Chris Duvall


I am a human-environment geographer who studies how people interact with plants.  Most of my work centers on Africa and Africans.  I’ve studied plants that are rare and obscure (notably Gilletiodendron glandulosum), others that are regionally iconic (like the African baobab, Adansonia digitata), and one that is ubiquitous and renowned (Cannabis sativa).  I’ve looked at people and plants from perspectives that include history, ecology, cultural studies, and biogeography.

Professor and Chair

Department of Geography and Environmental Studies

University of New Mexico

Bandelier Hall West, Rm. 220

Albuquerque, NM 87131

E-mail: duvall at unm dot edu

My c.v. is here. My professional networking sites are: ResearchGate, Google Scholar, and

Right: Graffiti in Porto, Portugal (2014). Liamba is a name used for the plant drug in Angola, Brazil, and Portugal.

Below: Marijuana advocacy ad in a U.S. newspaper (1972).

Right: Smoking hashish (Turkmenistan, 1872).

Above: Smoking dagga (Swaziland, about 1890).

Left: An idealized portrayal of hemp fieldwork in France (about 1900).

Below left: Marijuana personified in a drug-prevention booklet for children, Argentina (about 1988).

Below right, top: Cannabis field for rope production in Chile (about 1930).

Below right, bottom: Retting hemp in Serbia (about 1903).

Images (c) Chris Duvall, 2019

(except the book covers, and these images: ‘Stop Smoking’, Dioscorides, and ‘La Verdadera...’.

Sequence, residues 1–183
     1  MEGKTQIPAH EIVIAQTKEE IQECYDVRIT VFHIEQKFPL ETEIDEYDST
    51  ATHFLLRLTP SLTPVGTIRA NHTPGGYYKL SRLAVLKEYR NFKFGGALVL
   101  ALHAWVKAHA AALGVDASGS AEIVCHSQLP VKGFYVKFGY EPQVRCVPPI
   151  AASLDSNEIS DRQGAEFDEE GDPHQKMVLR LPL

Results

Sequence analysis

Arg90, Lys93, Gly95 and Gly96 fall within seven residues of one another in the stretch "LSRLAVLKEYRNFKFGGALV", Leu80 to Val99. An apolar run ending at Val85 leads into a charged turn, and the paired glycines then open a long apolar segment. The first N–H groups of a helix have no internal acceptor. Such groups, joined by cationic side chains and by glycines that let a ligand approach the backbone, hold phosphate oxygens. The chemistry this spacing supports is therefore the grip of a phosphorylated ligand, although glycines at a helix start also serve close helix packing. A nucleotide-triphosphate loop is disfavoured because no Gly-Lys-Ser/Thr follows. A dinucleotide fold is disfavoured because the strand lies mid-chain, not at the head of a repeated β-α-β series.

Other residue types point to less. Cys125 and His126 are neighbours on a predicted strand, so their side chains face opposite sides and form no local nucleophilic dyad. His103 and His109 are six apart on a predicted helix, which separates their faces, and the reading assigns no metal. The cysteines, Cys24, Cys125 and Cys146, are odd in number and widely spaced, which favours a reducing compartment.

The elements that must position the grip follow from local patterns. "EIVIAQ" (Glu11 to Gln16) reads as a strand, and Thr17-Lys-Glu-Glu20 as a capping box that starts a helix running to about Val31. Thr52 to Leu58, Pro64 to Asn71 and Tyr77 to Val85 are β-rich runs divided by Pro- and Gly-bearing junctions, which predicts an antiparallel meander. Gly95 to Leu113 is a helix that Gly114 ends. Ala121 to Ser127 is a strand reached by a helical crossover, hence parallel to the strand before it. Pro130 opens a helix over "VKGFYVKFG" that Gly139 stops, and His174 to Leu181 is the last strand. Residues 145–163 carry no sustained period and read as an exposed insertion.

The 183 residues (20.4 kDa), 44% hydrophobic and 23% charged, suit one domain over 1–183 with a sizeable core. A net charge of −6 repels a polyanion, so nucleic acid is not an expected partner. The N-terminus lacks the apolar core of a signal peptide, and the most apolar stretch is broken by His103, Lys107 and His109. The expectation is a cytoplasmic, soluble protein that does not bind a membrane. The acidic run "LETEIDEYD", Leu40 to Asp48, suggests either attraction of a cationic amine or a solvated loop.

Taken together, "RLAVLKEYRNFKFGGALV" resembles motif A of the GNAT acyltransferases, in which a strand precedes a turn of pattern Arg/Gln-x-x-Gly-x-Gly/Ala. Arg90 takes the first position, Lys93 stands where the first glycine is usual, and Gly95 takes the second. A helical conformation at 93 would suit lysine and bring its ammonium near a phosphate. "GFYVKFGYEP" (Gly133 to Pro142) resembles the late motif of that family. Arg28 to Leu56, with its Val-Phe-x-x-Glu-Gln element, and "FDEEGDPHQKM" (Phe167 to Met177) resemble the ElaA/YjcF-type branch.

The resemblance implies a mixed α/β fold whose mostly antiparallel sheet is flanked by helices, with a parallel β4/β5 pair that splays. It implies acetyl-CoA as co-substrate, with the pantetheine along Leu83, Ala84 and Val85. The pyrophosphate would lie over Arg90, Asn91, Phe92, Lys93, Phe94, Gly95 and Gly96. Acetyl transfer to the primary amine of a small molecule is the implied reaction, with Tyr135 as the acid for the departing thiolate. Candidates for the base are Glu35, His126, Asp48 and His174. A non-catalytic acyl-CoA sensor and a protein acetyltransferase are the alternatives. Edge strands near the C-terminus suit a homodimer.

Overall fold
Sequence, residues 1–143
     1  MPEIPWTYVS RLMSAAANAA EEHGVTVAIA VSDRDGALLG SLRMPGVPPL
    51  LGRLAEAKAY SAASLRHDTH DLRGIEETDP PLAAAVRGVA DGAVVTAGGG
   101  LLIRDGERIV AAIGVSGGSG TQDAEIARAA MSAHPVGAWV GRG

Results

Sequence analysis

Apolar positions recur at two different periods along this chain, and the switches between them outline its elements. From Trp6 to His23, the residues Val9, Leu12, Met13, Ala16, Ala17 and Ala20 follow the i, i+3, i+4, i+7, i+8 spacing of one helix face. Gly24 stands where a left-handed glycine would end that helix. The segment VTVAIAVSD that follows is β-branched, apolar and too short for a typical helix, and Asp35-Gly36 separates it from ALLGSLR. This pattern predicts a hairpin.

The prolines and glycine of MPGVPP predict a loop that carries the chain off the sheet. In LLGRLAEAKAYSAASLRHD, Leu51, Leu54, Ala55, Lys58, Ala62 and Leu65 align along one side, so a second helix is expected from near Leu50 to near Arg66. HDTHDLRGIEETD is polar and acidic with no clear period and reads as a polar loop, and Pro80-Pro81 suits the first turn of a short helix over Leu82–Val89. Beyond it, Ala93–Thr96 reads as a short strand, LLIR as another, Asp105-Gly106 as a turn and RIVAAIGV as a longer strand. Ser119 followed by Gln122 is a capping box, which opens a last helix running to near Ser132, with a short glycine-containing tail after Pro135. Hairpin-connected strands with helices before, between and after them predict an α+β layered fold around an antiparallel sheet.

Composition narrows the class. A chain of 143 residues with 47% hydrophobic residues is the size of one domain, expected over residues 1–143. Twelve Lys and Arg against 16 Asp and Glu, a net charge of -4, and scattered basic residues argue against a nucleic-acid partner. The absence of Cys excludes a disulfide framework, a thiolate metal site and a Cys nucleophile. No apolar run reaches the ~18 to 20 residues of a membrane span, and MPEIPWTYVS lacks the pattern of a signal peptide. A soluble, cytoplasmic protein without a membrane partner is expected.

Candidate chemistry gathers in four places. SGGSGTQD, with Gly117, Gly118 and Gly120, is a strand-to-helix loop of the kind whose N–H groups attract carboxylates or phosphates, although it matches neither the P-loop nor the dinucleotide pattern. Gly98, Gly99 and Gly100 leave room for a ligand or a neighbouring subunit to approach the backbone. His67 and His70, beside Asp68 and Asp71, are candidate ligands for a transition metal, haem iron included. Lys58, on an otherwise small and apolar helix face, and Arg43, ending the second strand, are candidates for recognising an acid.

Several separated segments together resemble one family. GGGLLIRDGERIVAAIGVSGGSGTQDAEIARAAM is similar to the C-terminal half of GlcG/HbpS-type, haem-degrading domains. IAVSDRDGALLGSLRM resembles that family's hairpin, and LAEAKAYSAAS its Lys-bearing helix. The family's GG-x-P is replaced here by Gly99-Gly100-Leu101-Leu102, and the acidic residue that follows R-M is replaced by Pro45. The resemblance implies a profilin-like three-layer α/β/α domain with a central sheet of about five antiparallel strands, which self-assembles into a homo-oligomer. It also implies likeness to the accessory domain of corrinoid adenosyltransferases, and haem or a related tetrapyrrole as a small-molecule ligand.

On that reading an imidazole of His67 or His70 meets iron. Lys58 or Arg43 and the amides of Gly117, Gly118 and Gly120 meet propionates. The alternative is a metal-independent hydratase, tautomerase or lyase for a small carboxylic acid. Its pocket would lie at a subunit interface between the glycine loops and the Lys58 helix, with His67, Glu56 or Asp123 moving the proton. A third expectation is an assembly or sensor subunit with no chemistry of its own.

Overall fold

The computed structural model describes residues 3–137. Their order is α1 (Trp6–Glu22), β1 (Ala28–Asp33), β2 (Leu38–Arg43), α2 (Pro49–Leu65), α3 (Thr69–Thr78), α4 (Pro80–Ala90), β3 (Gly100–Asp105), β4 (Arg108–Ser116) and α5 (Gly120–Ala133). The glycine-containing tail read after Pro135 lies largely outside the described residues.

News about The African Roots of Marijuana:

  1. New Books Network

  2. The Cannabis Reporter

  3. The Page 99 Test

  4. Campaign for the American Reader

Publisher’s website (for 30% off, use the coupon code E19DVALL)

My books:

In recent years, my research has focused on the history of cannabis, which is the plant source of marijuana and hashish, as well as hempseeds and hemp fiber.

My most recent book, The African Roots of Marijuana, is now available from Duke University Press.  This book is the first to give an Africa-centered history of cannabis.  Africa has been almost entirely ignored in histories of cannabis, even though the dominant form of cannabis use—as a smoked drug—traces to Africa, as does the word ‘marijuana’.  The plant traveled throughout the Atlantic World as a component of exploitative labor regimes, including chattel slavery.  Better understanding of the plant drug’s African past will improve how people manage it as a crop, as a medicinal and recreational substance, and as an object of legal control.

My first book, with the un-catchy title Cannabis, was published in February 2015.  This book is a world historical geography of the plant genus, and part of the Botanical Series from Reaktion Books. 

In my research about cannabis, I’ve found that visual cultures provide rich information about the plant’s past and present roles in societies around the world.  There are 100 illustrations in my book Cannabis, 40 in The African Roots of Marijuana, and 13 more in my encyclopedia article about cannabis and tobacco in Africa.  Enjoy the images below!

Above: Cannabis, as portrayed in De Materia Medica, by Dioscorides (copy from about 500 CE).